Major League Baseball placed Los Angeles Dodgers pitcher Trevor Bauer on a seven-day administrative leave Friday amid allegations of sexual assault.
Bauer, who had been scheduled to pitch Sunday in Washington, D.C., has denied the allegations and released a statement that he will not appeal MLB's decision.
As we await the next development in this case, let's take a closer look at Friday's news, what it means, where the investigation stands and what could happen next.
What is Trevor Bauer accused of?
A woman who had two sexual encounters with Bauer obtained a restraining order against him in L.A. County Superior Court earlier this week. In her declaration -- made under the penalty of perjury -- she alleged that Bauer assaulted her by choking her until she lost consciousness on multiple occasions, punched her in several areas of her body and scratched the side of her face. The second encounter, which took place on May 16 at Bauer's home in Pasadena, California, left her with an acute head injury and significant head and facial trauma, according to medical notes that were provided as part of the declaration.
The restraining order was obtained by a judge's ruling and doesn't require input from the other party. But Bauer's side is expected to deny the allegations during a scheduled court hearing on July 23. One of Bauer's attorneys, Jon Fetterolf, issued a statement saying their sexual encounters were "wholly consensual," adding that "her basis for filing a protection order is nonexistent, fraudulent and deliberately omits key facts, information and her own relevant communication." Bauer's side also provided text messages that show the woman inviting rough sex and talking about how she wants Bauer to "gimme all the pain" and "choke me out" eight days before the second encounter.
What does MLB placing Bauer on administrative leave mean?
Bauer won't make his next scheduled start on Sunday. That would have come in Washington, D.C., the nation's capital, on the Fourth of July.
It would have been an awful look for a league that has vowed to make domestic violence and sexual harassment enforcement a priority, in a year when MLB has been embroiled in controversy, with former New York Mets general manager Jared Porter and former Los Angeles Angels pitching coach Mickey Callaway both fired following sexual harassment investigations.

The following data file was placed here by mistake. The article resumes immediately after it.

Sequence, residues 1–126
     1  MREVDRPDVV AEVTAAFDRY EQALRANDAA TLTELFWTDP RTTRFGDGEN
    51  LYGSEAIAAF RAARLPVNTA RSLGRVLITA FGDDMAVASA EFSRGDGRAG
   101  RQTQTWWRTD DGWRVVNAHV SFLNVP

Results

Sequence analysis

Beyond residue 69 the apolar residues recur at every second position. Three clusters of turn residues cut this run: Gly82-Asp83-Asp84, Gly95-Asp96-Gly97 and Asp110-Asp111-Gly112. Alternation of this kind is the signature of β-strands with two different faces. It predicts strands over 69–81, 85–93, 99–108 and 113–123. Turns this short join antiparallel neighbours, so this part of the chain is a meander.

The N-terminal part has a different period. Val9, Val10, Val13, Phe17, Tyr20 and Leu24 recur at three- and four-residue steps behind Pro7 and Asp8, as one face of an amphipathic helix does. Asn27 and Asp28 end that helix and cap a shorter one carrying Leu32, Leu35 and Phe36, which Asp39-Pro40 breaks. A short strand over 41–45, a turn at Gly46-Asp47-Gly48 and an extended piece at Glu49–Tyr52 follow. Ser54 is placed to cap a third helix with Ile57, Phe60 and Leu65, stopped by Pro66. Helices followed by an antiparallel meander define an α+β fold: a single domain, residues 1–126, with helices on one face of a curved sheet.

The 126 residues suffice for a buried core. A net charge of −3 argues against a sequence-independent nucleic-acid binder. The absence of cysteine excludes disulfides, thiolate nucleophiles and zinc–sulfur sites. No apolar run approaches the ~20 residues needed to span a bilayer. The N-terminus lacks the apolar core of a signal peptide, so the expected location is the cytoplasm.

Administrative leave is merely a way to buy time. This is not considered a suspension. Bauer, in fact, will still be paid and will still accrue service time while on the restricted list. MLB has the right, under the joint domestic violence, sexual assault and child abuse policy that was instituted in August 2015, to place a player on leave without any charges being filed. In a statement for Bauer's case specifically, MLB said its investigation is "ongoing."
Bauer's co-agents, Fetterolf and Rachel Luba, said in a statement that they "refute [the woman's] allegations in the strongest possible terms" but will not appeal Bauer's placement on administrative leave "in an effort to minimize any distraction to the Dodgers organization and to his teammates."
What happens if there is no resolution to his case within those seven days?
MLB can request a one-time extension of its administrative leave for an additional seven days with consent from the MLB Players Association. The joint domestic violence policy states that consent "shall not be unreasonably withheld." The calendar might be relevant here. An extension of the current administrative leave would keep Bauer off the field through the All-Star break, buying even more time for an ongoing investigation. The expectation, however, is that this could take a while, possibly putting MLB in a position where Bauer must return to the active roster while the investigation continues. The administrative leave might merely delay that reality. The commissioner's office has the right to request an additional extension of that leave time in order for the investigation to wrap up, but the MLBPA must agree to that too.
Bauer traveled to Washington with the Dodgers, and manager Dave Roberts said Thursday the plan was for him to pitch Sunday. What changed?
MLB took it out of the Dodgers' hands. Roberts alluded to that prior to Thursday's series opener, saying the decision for Bauer to take his regular turn in the rotation rested with MLB. When asked why he couldn't simply make the decision to skip Bauer's turn, given that he is the manager of the team, Roberts said: "I'm in the position of following the lead of Major League Baseball. Their recommendation was for us to use our scheduled Sunday starter and to move forward and have him start that game on Sunday. For me to try to read into it any more outside of just following what they had advised me and us to do -- I just choose to follow kind of their lead."
Where does the legal investigation stand?
The Pasadena Police Department is continuing its investigation. The police have been involved since May 18, a couple of days after the second sexual encounter, when two detectives drove to the woman's house in San Diego to get a statement. The case is expected to be sent to the Pasadena District Attorney's Office, a source said, though the timing is unknown.
How has MLB handled other in-season domestic violence charges?
There have been 13 players disciplined in the six years since the domestic violence policy was introduced, with suspensions ranging from 15 games (Steven Wright of the Boston Red Sox and Jeurys Familia of the Mets) to 162 games (free agent Sam Dyson, who is serving his suspension this season). Among the notable names who have also been disciplined are Dodgers starter Julio Urias (20 games in 2019), Yankees closer Aroldis Chapman (30 games in 2016), former Chicago Cubs shortstop Addison Russell (40 games in 2018), former Toronto Blue Jays closer Roberto Osuna (75 games in 2018) and former Colorado Rockies shortstop Jose Reyes (51 games in 2016).